Sports medicine, I don’t know you

Running has taught me something important about myself:  I don’t know a damned thing about exercise physiology.  I’m sure that I learned something about it at some point, but really, I’m in the dark.

I started running about a month and a half ago, and I was terribly apprehensive.  I never liked running, and I thought that starting now, in my 40s and out of shape, I was on a fool’s errand.  But…not so much.  What I tell patients about exercise—it gets easier, etc.—turns out to be mostly true.  My first few runs were about a mile and not a lot of fun.  But it gets easier, sort of.

I usually run very early or very late.  It’s dark, cold, quiet and peaceful.  My house is at the top of a hill, so the beginning of the run is relatively easy. But then the fun starts.  The loops I do are usually sinusoidal.  In one direction, the run starts steep, the other follows an easier grade.  When I run the steep downhill first, the whole run is miserable.  When I run the easier grade, the uphill battles at the end seem relatively easy.  Why the hell is that?

Then there’s my knee.  My left knee has taken a little abuse over the years.  When I used to portage canoes, it’s the leg I would use to kick the canoe back onto my neck.  And then there was the bike commuting in San Francisco.  I figured my knee might limit my running, and I was partially right.  When I first start out, it’s a bit sore, but then doesn’t bother me a bit.  Except a run the other day.  I went a little too far and had to stop to walk the rest of the way home.  It was bitter cold, but I didn’t notice until I’d been walking for a bit.  The wind was cutting straight to my skin.  So I picked up the pace and tried to run home.  No dice.  My knee wouldn’t let me take more than a couple of strides.  In general, the running has improved my knee.  Go figure.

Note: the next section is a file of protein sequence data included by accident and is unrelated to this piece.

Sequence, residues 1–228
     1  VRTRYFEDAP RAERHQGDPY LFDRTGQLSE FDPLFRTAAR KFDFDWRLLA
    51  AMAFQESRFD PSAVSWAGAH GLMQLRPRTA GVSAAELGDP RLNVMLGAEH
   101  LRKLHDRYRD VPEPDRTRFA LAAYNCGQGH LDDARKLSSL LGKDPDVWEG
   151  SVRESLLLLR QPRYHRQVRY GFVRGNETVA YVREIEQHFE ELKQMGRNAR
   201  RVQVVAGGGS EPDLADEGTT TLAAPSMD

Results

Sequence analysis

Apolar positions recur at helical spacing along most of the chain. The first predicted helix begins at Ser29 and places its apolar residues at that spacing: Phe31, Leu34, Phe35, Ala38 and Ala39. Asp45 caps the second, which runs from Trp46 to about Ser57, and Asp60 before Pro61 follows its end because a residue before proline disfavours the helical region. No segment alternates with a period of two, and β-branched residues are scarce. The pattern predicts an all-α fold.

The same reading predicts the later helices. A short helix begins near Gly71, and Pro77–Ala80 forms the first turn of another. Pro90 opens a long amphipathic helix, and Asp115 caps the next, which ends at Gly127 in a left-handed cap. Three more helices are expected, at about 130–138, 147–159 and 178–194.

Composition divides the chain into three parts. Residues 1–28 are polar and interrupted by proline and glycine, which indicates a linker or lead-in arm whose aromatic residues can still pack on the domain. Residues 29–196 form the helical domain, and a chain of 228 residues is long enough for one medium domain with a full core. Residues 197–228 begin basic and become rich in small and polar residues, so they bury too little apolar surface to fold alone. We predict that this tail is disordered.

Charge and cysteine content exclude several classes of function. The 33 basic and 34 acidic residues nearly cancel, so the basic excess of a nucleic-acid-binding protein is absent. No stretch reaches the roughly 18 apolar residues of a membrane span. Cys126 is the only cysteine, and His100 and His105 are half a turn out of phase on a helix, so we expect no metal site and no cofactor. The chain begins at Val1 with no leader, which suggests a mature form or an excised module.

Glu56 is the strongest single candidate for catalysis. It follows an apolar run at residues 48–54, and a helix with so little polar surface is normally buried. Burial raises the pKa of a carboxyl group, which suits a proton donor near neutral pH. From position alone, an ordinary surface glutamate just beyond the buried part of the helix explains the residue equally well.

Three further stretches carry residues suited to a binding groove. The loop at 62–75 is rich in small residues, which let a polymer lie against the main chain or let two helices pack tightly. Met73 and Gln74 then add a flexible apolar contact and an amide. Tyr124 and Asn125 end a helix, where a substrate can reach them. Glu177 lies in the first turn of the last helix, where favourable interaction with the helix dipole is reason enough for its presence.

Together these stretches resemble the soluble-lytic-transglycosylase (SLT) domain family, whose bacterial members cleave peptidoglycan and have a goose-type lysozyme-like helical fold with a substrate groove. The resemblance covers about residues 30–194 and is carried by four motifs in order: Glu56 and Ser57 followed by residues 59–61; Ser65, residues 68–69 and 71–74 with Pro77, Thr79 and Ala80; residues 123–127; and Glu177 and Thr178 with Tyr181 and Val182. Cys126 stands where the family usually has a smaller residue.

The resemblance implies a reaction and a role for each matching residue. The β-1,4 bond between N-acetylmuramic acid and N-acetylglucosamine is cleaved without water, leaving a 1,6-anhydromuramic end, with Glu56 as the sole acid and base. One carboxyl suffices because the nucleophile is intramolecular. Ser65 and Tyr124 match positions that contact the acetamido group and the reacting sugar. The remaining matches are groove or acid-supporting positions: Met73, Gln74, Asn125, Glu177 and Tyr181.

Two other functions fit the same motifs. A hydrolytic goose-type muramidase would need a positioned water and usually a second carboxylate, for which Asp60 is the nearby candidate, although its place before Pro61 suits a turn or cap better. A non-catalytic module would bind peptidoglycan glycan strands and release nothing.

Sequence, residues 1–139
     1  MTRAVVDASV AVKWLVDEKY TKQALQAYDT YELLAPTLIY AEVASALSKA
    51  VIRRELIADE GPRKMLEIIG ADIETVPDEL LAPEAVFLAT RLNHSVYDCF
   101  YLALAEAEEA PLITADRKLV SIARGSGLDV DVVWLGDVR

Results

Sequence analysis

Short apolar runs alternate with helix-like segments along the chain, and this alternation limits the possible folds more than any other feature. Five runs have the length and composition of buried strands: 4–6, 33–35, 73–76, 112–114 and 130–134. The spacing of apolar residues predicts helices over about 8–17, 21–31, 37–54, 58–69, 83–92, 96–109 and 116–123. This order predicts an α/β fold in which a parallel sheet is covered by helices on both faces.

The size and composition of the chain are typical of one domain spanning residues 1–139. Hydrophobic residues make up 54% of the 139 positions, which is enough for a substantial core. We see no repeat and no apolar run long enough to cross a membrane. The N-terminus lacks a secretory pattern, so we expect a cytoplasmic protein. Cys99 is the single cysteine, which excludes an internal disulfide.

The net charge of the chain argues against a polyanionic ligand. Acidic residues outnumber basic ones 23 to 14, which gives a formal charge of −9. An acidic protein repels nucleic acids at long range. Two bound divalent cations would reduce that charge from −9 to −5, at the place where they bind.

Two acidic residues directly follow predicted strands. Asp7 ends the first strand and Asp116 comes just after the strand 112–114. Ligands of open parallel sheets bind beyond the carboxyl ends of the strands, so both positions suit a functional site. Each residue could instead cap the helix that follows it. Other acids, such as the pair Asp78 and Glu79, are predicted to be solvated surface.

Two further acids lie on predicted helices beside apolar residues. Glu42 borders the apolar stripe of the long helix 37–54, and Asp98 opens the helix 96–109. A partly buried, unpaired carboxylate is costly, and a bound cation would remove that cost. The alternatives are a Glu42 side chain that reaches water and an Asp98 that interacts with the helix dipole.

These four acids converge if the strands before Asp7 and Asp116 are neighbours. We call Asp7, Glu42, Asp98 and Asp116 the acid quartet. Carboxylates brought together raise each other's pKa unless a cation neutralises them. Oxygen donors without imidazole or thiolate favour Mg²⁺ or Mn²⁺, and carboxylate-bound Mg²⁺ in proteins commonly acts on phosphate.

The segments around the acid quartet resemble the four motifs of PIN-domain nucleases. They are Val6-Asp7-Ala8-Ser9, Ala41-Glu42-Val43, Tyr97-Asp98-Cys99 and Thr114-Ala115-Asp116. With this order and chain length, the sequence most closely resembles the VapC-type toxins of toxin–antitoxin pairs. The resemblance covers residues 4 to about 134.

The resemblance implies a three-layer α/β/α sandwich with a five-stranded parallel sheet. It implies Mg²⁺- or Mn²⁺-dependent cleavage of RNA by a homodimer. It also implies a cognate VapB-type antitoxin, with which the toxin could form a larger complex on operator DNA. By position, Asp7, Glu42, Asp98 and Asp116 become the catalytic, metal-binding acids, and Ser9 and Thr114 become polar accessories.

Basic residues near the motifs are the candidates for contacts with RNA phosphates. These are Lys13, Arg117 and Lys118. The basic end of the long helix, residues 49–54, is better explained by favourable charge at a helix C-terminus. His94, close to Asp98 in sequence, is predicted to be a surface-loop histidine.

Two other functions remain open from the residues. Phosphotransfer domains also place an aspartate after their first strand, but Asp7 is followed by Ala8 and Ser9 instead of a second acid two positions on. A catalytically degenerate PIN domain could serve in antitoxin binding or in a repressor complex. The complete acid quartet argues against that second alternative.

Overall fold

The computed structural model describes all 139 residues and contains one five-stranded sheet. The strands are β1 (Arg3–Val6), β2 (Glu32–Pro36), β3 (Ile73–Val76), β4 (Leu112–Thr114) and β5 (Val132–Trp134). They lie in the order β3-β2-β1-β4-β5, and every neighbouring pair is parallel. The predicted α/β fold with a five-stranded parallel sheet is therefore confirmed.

What I don’t know about running could fill a textbook.  I’m determined to take it slow so that I can keep going.  My only fear at this point is injury, and I have no desire  to overdo it.